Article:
Employee #1: Apple

Conversation with Bill Fernandez, who introduced Steve Jobs to electronics, and then to Steve Wozniak. “Jobs had bicycled over to my house and we were going to hang out and I needed to go to Mr. Taylor’s house to get some parts, so we walked across the street. Woz was out washing his car and I thought, ‘Well you know, here are two electronics buddies. They might be interested in meeting each other and doing electronics stuff.’ So we walked over to the car and I introduced them” (6,500 words)

.. Across the street and three houses over was the Wozniak family. Jerry Wozniak was a mathematician and engineer, he was a real genius and worked on top secret projects at Lockheed. He had two sons and a daughter. His eldest son, Steve Wozniak, was into electronics.
.. He and I were both deeply introspective, very philosophical. Neither of us wanted to play the social games that you needed to play to be accepted into any of the numerous cliques that define the social scene for 13 and 14 year olds in junior high school. So we eventually gravitated towards each other and started hanging out. We became fast friends. I got him interested in electronics and so…
.. It turned out that Woz loved pranks and Jobs had a very countercultural streak. One of the first projects they collaborated on was this huge sign of a hand with the middle finger raised. It was a huge cloth poster and they put it up on the roof of our school and weighted the ends with rocks, I think. This was the end of the building that all of the parents faced during graduation. And the idea was that during graduation they would cut some strings which would release this thing to roll down over the side of the building and it said, “Best Wishes, Class of ‘72!” and it was giving them the finger.

.. Then a couple of things happened. He started working on building his own computer and he started attending the Homebrew Computer Club that was happening at the Stanford Linear Accelerator Center, SLAC.So all of those things happened at the same time and then as his computer came together he would take it and show it off after the meetings. At some point there was enough interest shown that Jobs became aware of this.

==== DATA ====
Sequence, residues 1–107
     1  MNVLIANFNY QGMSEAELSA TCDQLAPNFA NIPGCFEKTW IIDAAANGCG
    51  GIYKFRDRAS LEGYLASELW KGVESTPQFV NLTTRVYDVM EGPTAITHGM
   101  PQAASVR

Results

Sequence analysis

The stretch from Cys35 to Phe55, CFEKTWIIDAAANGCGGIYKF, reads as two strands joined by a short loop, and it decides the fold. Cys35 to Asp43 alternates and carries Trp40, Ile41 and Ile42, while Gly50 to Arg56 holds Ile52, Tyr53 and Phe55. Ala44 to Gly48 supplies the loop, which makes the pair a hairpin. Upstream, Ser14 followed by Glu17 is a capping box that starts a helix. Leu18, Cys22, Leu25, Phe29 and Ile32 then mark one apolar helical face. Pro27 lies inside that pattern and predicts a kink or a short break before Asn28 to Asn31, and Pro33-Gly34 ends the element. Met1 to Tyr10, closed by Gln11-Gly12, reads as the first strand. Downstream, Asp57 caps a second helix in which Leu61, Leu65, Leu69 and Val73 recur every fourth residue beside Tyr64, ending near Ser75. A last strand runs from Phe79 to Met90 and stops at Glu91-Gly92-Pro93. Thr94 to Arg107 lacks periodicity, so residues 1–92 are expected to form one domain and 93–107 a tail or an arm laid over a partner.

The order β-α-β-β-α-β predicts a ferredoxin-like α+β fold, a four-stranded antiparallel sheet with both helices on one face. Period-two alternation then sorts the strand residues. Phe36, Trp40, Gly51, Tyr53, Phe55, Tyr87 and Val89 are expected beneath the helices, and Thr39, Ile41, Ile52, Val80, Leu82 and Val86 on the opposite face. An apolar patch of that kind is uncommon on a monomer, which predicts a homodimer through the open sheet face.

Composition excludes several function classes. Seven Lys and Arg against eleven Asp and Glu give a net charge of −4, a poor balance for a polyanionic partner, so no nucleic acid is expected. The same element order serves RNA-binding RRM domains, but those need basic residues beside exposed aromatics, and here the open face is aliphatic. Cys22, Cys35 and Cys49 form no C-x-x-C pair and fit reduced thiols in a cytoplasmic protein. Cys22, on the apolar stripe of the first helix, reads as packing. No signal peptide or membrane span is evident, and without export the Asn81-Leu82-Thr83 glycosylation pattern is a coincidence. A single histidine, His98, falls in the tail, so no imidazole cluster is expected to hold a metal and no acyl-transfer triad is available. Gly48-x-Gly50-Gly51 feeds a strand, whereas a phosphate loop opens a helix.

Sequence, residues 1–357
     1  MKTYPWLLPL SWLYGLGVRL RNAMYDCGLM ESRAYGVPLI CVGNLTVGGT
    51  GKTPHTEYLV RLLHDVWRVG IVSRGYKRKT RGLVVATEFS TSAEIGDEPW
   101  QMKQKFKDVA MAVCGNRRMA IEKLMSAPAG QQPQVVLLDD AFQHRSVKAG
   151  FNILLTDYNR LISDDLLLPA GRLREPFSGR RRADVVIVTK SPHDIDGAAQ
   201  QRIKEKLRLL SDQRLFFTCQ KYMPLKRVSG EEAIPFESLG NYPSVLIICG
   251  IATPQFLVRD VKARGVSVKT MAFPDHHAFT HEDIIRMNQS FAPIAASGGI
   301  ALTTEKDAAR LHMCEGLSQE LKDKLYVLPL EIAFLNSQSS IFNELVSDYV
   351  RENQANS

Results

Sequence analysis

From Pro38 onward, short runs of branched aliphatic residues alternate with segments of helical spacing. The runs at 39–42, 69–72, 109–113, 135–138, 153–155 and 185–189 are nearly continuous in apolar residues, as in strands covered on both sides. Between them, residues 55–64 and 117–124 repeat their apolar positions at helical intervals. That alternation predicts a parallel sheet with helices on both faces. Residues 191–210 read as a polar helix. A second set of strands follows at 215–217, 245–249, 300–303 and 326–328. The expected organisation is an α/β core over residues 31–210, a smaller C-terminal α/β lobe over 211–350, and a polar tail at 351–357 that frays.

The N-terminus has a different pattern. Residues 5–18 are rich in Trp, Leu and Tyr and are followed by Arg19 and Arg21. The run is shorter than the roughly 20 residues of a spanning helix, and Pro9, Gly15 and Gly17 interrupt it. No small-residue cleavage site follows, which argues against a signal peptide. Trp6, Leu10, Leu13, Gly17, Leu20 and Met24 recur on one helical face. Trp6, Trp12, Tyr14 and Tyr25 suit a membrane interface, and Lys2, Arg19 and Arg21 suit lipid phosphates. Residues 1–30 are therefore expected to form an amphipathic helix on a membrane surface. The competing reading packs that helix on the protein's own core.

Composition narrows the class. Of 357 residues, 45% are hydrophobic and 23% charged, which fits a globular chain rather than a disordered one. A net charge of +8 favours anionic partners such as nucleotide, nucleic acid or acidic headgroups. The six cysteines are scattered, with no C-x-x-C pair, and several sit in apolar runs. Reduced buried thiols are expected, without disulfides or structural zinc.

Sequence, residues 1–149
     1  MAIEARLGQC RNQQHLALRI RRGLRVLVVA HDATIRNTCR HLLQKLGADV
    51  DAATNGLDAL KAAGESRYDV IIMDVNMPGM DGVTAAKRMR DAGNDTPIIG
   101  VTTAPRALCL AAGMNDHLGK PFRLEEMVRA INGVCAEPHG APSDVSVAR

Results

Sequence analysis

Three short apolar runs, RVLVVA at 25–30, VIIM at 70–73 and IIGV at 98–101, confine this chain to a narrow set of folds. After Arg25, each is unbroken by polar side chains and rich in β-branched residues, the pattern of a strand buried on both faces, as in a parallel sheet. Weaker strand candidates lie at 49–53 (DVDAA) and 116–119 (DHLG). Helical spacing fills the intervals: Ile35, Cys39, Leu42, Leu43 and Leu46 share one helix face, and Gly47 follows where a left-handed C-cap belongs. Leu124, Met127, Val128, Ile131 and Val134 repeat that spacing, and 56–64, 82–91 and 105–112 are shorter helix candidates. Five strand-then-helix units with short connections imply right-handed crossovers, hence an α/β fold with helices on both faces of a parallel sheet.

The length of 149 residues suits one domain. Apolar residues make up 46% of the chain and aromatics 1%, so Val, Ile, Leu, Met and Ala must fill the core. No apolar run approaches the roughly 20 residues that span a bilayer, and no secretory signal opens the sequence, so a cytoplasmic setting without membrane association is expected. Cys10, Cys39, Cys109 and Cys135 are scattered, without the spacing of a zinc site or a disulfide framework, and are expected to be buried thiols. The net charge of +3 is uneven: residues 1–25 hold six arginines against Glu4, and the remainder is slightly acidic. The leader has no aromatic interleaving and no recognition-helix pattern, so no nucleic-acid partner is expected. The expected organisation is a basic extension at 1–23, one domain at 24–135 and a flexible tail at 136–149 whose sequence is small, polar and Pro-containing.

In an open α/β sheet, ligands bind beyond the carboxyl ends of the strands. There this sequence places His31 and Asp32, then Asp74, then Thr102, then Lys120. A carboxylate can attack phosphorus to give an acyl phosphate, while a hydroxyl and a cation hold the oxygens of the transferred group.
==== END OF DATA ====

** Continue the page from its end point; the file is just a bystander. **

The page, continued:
.. Basically Jobs said, “You know, we could make printed circuit boards and just sell the computer already assembled so people wouldn’t even have to buy all the parts on the open market and figure out how to wire them together. We could just do it for them.” And so that was the beginning of Apple Computer.


Intertwingled: Afternoon Session #2 04/24/2014

You could transclude a part of an image

Transclusion accelerates authoring.  We need better authoring tools.

Doug: Collective IQ: because we need a way to operate in an increasingly complex world

.. “What We Might Yet Be: The Importance of Ted’s Vision”
– Belinda Barnet (media historian)

Hypertext was a workstation-bases version hypertext.  No one was interested in building a world-wide hypertext system.

It was only with the web that people saw that the real interesting things happen when the links cross organizational boundaries and continents (47 min)

Steve Wozniak (53 min)

The inventors of the transistor (William Shockley) are not that well known except in the right community.  He did his work long before its effect became public

We get to habits and we don’t want to give them up when they become bad.

I first met Ted at Oxford.. he had a very important part of my life and my background in the Homebrew Computer Club

They had a humanistic viewpoint.  The bible was Computer Lib.  The Standford Sociology professors were influence by Ted.

The social revolution was more important to me. (59 min)

We will be masters of our own destiny.  We won’t have it forced upon us (1 hr 01 min)

I look at Ted’s ideas ..  where did they come from  (reminds him of how he came up with the idea of adding color monitor)

Hypercard was the finest program.

Ted has a very important part in my upbringing with the Home Brew computer club

Ted talked about all the human aspect.  Computer lib was my bible. (57 min)

Human vs Technology: Jeff Raskin was important in advocating that systems be made simple

A computer can solve a problem after a human tells it the method

Young people look at Ted as like Bob Dylan (1 h 12 min)

I have a feeling that this is going to be going on long after Ted is gone (1 hr 13)

He had it so right, right from the beginning.